The bald assertion by the witness Mr. Robertson that the last payment was made in 2014 is not enough to answer this specific requirement. Having scoured the evidence that was adduced, this court is satisfied that the evidence of the witness is sorely lacking with the necessary particulars. The witness was required to give that specific evidence and having failed to do so, all that this court can find and agree with is that there was a mortgage that was in existence between these parties.
 In this court’s mind Part 66.4 are provisions which must be adhered to by applicants before the court. In this court’s mind, the requirement is mandatory as it is clear that in order to deprive an individual of property which has been mortgaged to a lending institution, that institution must clearly and precisely identify the extent of the complained of breach and therefore the entitlement thereunder. Having failed to do, this court is satisfied that the claimant has not proven their case to make a finding for an order of payment as against the defendant as pleaded.
To what remedies is the claimant entitled?
 In the alternative the claimant has sought at first an order for vacant possession and then by affidavit filed on the 20th March 2020 for an order to enforce their power of sale and the payment of an additional sum of $16,729.17.
 It is without a doubt in this court’s mind that the right of the claimant to enforce a power of sale as against the defendant is based on the contractual agreement as between the parties that is reduced into writing by the Mortgage Deed.
 The Mortgage Deed made provision for the claimant to invoke their power of sale if one of the following conditions was satisfied:
1. that the claimant would have sent a notice requiring payment of the sum of two hundred thousand dollars which has been served on the defendant and default has been made in payment of the sum demanded for three calendar months or
2. that some interest under the mortgage deed is in arrears and unpaid for four weeks after becoming due or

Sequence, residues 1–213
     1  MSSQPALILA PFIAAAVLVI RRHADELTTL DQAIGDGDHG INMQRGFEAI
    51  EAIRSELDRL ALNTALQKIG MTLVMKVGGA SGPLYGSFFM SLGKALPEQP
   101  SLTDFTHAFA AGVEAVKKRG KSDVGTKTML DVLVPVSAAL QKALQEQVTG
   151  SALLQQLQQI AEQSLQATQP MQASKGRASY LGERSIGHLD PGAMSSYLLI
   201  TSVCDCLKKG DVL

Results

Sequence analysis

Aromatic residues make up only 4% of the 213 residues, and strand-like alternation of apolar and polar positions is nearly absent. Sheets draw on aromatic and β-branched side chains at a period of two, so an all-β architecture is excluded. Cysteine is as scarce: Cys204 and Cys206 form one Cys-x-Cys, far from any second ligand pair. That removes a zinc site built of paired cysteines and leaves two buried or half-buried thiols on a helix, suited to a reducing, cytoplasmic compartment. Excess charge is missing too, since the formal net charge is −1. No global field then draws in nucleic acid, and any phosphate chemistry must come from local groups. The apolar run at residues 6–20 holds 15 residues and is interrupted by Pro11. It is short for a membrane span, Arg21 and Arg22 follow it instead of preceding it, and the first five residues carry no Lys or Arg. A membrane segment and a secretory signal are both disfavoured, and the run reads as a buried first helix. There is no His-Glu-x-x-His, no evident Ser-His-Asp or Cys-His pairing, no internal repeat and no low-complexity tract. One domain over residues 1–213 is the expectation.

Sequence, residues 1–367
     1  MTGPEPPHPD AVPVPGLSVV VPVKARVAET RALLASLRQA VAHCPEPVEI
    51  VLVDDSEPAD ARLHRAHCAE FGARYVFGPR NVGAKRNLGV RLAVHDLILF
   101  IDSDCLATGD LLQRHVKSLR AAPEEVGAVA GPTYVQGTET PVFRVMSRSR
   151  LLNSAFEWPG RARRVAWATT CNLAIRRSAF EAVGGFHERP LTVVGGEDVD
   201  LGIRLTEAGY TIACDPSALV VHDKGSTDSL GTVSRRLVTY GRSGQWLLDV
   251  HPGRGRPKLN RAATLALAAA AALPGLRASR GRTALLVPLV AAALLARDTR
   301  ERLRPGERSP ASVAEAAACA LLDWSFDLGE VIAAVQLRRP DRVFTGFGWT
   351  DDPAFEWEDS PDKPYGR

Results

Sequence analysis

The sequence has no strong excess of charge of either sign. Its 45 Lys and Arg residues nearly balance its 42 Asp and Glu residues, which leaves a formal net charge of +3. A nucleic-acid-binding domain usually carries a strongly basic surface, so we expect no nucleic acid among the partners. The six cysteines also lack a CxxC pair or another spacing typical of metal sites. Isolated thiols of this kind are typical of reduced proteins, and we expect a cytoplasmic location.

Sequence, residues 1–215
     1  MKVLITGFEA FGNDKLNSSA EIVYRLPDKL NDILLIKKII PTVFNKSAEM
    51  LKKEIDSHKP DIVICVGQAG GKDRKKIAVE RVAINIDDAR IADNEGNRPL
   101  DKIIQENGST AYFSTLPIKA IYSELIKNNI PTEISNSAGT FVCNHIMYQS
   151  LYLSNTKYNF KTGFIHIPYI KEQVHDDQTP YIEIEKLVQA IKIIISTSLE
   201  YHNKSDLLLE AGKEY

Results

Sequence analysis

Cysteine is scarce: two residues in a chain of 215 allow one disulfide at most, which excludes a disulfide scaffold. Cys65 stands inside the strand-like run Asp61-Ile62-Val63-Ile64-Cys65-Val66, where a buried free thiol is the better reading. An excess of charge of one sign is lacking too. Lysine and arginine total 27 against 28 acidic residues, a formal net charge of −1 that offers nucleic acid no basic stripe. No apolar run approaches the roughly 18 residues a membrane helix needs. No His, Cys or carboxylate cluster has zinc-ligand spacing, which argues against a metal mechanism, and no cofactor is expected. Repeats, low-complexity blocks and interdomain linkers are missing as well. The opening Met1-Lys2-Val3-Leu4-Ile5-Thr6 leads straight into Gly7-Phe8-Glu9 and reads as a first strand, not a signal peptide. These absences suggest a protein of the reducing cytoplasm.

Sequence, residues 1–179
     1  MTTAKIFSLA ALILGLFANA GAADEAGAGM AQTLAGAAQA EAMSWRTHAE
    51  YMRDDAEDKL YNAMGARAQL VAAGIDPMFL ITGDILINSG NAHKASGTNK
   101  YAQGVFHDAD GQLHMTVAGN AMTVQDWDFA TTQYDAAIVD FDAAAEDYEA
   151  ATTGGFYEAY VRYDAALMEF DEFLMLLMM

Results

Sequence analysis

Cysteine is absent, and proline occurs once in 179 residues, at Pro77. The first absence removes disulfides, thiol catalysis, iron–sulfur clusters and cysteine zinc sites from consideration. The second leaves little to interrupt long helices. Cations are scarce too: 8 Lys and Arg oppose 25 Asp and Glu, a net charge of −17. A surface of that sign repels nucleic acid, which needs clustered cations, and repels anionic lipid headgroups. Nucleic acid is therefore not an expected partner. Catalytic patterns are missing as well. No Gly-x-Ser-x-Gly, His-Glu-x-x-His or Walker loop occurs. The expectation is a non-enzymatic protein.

3. there has been breach of some condition or provision contained in the mortgage deed. (My emphasis added)
 With regard to the first condition, there is evidence that a demand letter dated the 20th October 2018 was written to the defendant but there was no evidence given that the same was served or when the same was served. Therefore, there was no evidence before this court that the defendant was therefore given the requisite notice. Indeed, the difficulty of the claimant in this regard was compounded by the evident fact that the said document purporting to be a notice under the terms of the Mortgage Deed had not been signed by the attorney at law for the claimant but an individual unknown to the claimant’s representative .
 Therefore wisely the claimant has not relied on breach of this condition in the Mortgage Deed but rather on the second condition of there being some interest in arrears and remaining unpaid for a period of four weeks. The evidence on this is as contained in the First Affidavit at paragraph 8 thereof: “despite the written demand from the claimant to the defendant for the repayment of the outstanding balance on account held with the claimant, the defendant has failed and or refused to repay the sums outstanding to the claimant and have failed to make the agreed monthly interest payments in excess of four weeks.”
 However in this court’s mind this evidence is woefully inadequate to ground reliance on breach of this second condition. The evidence failed to give evidence of service and it additionally failed to provide the necessary timeline of the requisite four weeks having passed. Therefore, in this court’s mind, the claimant has not proven the breach as alleged. The claimant made no claim as to the third condition being breached and the court makes no finding on the same.
 That being said, it is therefore not necessary for this court to make a finding on the issue of whether the claimant would have been able to recover the sum of $16,729.17 as claimed in their affidavit of the 20th March 2020. However I wish to make a comment on the same that this court is not adverse to making an order for reimbursement of fees and expenses incurred in pursuing an action against a defaulting party but this sum must be properly substantiated and itemized so that the defendant is in a position to know the full extent of the case that they are being called to answer.
Order of the court is therefore as follows:
1. The claim by the claimant RBTT Bank Caribbean Limited for the payment of the sum of $36, 276.26 is dismissed.
2. The prayer in the alternative for the enforcement of the power of sale is denied.
3. In all the circumstances of this case, I am not of the opinion that the defendant should be rewarded for the claimant’s fatal procedural failures and in the discretion of the court I make no order as to costs against the claimant.
HIGH COURT JUDGE
By the Court